The reason I have been told for the delay, is that the severance pay from Marriner has not been verified yet by a “special agent.” Who is this special agent? Why can’t I speak to him or her? Why can’t you give me an ETA on when this special agent will contact my former employer to verify the severance? Would it be easier if they (meaning Marriner) reach out to you? How many special agents work for unemployment — just one? Once my former employer has been contacted, what are the next steps?

These are just some of the many questions I have asked my “case manager,” Alex, and any other human I’ve been able to reach. But the answer is always the same: They don’t have any answers. I feel like I’m in the twilight zone or talking to aliens in the very rare events that I am able to reach someone.

I am very disappointed in our system and quite honestly astonished that benefits could be held up this long for what seems to be nothing more than administrative understaffing.

The only person who has been at all responsive and helpful during this entire process is a gentleman named Evan, from Maryland Sen. Kathy Klausmeier’s office (not from unemployment, don’t you find that odd?). I reached out to Senator Klausmeier a while back to see if there was anything she could do to help since I was not having any luck with unemployment and there wasn’t any movement with my claim after months since I filed. Evan has been doing whatever he can to help/apply pressure and responds to my emails clearly and in a timely fashion.

The amount of time I spend every day on this is a full-time job. Do you know what I could be doing instead with this time? Applying to jobs.

Chelsea Simpson, Nottingham

Gov. Hogan’s attack on federal unemployment supplement ‘heartless’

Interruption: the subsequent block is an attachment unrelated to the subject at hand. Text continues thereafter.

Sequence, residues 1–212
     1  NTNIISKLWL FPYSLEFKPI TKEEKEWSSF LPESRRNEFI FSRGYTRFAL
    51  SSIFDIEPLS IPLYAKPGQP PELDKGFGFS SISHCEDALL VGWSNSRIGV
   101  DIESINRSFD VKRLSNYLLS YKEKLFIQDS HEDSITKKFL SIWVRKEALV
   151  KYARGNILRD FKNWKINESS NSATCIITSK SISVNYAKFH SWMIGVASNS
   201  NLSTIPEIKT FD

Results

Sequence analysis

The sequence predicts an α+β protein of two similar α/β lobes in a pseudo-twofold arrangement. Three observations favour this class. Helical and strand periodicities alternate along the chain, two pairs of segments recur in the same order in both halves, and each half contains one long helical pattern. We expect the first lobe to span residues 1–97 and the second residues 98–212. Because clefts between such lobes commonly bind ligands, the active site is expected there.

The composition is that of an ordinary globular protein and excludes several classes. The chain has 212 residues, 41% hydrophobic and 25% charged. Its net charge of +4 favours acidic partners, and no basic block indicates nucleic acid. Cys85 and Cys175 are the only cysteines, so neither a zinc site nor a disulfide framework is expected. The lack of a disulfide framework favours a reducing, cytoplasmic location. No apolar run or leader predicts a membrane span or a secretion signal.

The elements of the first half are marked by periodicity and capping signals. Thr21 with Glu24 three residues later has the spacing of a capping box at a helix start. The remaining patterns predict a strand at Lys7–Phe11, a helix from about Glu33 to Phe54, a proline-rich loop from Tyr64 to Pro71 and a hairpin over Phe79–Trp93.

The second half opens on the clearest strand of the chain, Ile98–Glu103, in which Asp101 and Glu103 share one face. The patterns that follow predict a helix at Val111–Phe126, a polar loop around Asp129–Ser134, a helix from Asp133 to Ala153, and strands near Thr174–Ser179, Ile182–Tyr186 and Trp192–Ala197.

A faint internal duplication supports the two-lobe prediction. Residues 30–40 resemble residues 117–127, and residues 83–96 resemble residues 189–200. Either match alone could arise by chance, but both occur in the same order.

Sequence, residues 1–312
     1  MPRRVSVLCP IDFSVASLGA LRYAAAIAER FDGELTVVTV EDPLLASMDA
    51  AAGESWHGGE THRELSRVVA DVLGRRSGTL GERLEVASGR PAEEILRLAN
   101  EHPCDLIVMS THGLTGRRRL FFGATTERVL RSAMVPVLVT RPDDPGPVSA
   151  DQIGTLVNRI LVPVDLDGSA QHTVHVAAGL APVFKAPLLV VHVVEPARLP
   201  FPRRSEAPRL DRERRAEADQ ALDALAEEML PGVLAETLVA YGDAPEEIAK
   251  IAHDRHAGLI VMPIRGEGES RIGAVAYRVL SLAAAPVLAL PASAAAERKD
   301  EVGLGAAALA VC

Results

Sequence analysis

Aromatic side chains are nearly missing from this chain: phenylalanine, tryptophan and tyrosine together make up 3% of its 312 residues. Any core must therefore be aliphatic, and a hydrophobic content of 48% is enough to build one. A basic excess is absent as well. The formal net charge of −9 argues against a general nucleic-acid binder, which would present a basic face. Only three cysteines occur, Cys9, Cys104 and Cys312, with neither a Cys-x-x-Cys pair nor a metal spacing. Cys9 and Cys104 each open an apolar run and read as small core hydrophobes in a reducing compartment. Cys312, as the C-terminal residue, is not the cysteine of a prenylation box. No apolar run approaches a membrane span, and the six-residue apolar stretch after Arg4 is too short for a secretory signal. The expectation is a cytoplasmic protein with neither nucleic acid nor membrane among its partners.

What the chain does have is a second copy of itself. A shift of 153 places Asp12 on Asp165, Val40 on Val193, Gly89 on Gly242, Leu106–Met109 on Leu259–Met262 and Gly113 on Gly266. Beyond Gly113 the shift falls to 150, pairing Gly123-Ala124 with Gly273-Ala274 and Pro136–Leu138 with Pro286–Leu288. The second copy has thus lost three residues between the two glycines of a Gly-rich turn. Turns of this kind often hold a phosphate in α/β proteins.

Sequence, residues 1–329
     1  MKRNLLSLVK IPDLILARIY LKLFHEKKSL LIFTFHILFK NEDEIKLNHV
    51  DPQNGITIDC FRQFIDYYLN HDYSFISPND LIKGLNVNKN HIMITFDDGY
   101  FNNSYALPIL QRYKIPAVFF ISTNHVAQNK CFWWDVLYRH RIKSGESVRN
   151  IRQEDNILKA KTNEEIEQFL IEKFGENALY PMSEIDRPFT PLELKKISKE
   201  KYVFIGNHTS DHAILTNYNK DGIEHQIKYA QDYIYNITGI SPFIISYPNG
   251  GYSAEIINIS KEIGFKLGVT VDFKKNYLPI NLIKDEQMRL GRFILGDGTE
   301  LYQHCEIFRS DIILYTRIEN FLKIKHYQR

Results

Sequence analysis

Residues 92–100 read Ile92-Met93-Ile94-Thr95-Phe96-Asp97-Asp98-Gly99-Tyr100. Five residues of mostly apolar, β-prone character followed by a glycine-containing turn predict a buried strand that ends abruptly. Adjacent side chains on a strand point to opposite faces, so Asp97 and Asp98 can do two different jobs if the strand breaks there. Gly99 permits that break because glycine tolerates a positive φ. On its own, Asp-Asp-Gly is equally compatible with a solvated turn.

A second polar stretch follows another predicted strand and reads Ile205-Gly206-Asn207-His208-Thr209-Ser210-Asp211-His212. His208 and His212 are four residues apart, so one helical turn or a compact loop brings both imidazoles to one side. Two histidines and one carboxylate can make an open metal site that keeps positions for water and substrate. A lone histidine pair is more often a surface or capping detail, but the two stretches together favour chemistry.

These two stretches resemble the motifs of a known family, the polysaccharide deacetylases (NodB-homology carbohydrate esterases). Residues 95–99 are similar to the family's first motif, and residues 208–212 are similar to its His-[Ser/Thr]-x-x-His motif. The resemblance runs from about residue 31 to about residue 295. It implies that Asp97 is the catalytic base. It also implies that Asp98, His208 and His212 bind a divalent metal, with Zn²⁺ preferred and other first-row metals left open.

Shame on Gov. Hogan for making such a terrible assumption of human character. Governor Hogan assumes that unemployed Maryland citizens are demonstrating poor ethics and character simply by applying for unemployment benefits, while in reality this aid is needed. The governor, if in doubt, could have simply reinstated a job search requirement. There is no excuse for cutting off the federally funded, $300 weekly unemployment supplement. Unfortunately, our governor’s action implies that Marylanders are untrustworthy, when most constituents need the weekly $300 for basic survival. What in the world does the governor hope to gain by depriving Maryland citizens of this much-needed financial support during their continuing struggles as the pandemic winds down? Many Marylanders are still feeling the effects of this social and economic crisis, so denying them support while they search for employment is gratuitous and heartless.

Arthur B. Robinson, Glen Burnie

The governor appears more concerned with businesses than individuals

I am a 21 year-old college student and father. I have been out of work since January, due to the COVID-19 pandemic, and have been filing for unemployment benefits consistently since February. Yet, as I write this, I have still not been paid anything by Maryland unemployment. After reapplying in March, as the department instructed claimants to do, I still have not been paid, and unemployment insurance (UI) workers told me that because of me reapplying for benefits it will only take longer to receive payments. My child and I have been severely financially impacted by this unprofessionalism and lack of unity at UI. I have been waiting for benefits for months, and when I call, all they can say is “you have been moved to the high priority list.” Yet months still fly by. Now the governor wants to take away the federal bonus for unemployment benefits. Is the governor even concerned for his people getting the help they need? Or only businesses having the labor they need?

Taevon Stinnett, Windsor Mill